Lifestyles that lessen colorectal cancer risks
It pays to have a healthy lifestyle
While screening is the most important step you can take to prevent colorectal cancer, it’s not the only one
You may be able to lower your colorectal cancer risk with some simple lifestyle changes. Be proactive about keeping yourself healthy. It will pay off!
Healthy living tips
Consistent evidence shows diets high in vegetables, fruits and other plant foods reduce risk for many diseases, including colorectal cancer. In addition to these foods containing lots of dietary fiber and nutrients, plant foods are good sources of substances called phytochemicals, which help protect cells in the body from damage that can lead to cancer. Plant foods can also help us maintain a healthy weight – also important in reducing risk of colorectal cancer – because many are lower in calories.
Diets high in red and processed meats have also been linked to colorectal cancer. Red meats include any meat that is red when raw, like beef, pork or lamb. Try to keep your red meat intake to 18 ounces (cooked) per week or less. Processed meats, on the other hand, should be avoided if possible. Processed meats include hot dogs, ham, bacon, sausages, among others, and cancer risk increases even with low consumption.
Get your exercise
Research consistently shows adults who increase their physical activity, either in intensity, duration or frequency, can reduce their risk of developing colorectal cancer by 30 to 40 percent. It’s estimated that 30 to 60 minutes of moderate to vigorous physical activity per day is needed to protect against colorectal cancer. Exercise also helps you to maintain a healthy body weight, which reduces your risk for colorectal cancer. In fact, studies show people who are overweight or obese are more likely to develop colon polyps, a possible precursor to cancer, and higher weights are associated with higher polyp risk.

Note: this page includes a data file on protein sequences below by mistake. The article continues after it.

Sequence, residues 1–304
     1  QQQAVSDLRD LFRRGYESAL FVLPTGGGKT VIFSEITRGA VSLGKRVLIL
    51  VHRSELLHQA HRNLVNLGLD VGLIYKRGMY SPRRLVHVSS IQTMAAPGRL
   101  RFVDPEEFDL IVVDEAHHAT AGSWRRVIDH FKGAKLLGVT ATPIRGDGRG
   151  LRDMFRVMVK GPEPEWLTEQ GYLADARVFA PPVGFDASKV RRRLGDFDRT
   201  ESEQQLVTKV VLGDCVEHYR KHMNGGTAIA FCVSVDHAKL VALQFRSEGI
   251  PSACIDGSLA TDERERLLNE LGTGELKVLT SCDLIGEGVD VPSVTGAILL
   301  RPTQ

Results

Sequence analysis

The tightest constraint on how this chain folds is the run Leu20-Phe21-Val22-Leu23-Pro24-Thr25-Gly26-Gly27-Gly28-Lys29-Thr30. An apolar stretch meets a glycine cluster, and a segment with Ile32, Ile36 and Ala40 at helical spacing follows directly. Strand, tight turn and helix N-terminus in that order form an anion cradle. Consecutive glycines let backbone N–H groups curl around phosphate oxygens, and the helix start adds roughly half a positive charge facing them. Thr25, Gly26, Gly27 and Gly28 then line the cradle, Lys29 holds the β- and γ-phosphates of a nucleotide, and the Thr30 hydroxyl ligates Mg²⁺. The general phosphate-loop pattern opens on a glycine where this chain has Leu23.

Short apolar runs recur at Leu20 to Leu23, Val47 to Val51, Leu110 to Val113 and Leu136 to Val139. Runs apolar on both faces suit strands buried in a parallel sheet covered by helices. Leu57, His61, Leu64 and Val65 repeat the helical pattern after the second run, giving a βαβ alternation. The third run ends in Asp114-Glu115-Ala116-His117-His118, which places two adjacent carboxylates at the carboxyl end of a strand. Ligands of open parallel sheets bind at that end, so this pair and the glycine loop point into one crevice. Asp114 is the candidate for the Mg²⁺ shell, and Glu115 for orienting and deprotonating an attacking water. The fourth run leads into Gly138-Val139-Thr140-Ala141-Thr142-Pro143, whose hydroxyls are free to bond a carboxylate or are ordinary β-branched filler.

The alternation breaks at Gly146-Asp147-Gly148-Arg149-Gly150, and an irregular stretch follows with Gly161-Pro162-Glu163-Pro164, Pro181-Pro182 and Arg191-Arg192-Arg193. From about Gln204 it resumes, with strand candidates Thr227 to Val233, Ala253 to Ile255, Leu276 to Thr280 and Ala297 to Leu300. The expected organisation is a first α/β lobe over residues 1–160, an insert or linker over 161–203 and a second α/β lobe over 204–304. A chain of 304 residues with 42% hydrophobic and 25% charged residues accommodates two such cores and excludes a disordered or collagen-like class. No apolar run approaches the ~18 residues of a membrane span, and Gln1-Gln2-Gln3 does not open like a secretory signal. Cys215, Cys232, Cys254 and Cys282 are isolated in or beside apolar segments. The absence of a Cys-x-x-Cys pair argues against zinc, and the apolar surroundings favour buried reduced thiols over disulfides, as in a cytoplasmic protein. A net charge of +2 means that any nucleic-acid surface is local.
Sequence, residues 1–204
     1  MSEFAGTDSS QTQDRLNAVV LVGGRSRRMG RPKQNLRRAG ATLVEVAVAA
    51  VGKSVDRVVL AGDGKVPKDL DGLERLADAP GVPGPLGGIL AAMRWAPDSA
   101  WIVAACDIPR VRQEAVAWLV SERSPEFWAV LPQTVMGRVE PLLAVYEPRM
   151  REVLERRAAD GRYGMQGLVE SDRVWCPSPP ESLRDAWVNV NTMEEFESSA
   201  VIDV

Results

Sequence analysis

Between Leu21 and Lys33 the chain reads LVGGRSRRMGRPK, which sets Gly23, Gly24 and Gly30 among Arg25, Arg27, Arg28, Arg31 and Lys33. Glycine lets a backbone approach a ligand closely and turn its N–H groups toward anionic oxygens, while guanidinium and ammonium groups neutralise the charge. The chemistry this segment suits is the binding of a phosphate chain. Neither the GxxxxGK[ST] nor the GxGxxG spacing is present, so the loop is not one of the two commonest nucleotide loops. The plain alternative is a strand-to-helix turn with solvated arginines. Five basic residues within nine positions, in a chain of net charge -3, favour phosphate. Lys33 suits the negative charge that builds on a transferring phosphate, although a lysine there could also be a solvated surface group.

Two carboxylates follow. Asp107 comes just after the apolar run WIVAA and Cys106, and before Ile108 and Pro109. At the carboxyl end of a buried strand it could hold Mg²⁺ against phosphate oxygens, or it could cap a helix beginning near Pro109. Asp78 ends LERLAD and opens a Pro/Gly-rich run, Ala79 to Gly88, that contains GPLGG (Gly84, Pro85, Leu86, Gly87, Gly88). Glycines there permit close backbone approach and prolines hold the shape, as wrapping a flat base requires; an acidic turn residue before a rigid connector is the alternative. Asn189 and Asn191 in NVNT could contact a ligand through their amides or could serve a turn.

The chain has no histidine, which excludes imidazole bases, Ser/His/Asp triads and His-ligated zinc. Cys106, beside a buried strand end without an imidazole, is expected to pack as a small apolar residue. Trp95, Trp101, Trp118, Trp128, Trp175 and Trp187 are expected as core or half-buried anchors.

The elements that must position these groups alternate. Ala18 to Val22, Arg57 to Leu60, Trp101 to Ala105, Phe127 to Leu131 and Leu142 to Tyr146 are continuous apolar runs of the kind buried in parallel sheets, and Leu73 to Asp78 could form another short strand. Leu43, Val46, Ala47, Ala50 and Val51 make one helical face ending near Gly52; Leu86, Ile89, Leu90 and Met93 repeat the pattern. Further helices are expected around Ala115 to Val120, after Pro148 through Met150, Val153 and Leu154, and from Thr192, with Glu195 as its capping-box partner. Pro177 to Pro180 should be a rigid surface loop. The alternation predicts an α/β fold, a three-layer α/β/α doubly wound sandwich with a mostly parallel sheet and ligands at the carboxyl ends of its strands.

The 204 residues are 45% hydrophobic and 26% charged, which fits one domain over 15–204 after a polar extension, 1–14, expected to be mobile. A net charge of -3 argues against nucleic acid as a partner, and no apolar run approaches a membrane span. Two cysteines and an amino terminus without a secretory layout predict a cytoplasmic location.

Know your family health history
A family history of colorectal cancer puts you at an increased risk for the disease. A family history is considered to be an immediate family member (parent, brother or sister) or multiple family members with colorectal cancer or polyps. If you have a family history, you may need to be screened at age 40, or 10 years before the youngest case in your immediate family, whichever is earlier. Talk to your family about their health history! Learn more about genetics and colorectal cancer.
Avoid alcohol & cigarettes
Although modest amounts of some alcohols have been linked to protecting against coronary heart disease, alcohol is known to increase cancer risk. According to the National Cancer Institute, people who regularly drink 3.5 drinks per day have 1.5 times the risk of developing colorectal cancer as nondrinkers or occasional drinkers. If you do chose to drink, try to limit your consumption.
Long-term cigarette smoking is also associated with increased risk of colorectal cancer. The longer a person smokes, the greater the risk.
For more information about healthy living and reducing your colorectal cancer risk, visit our blog.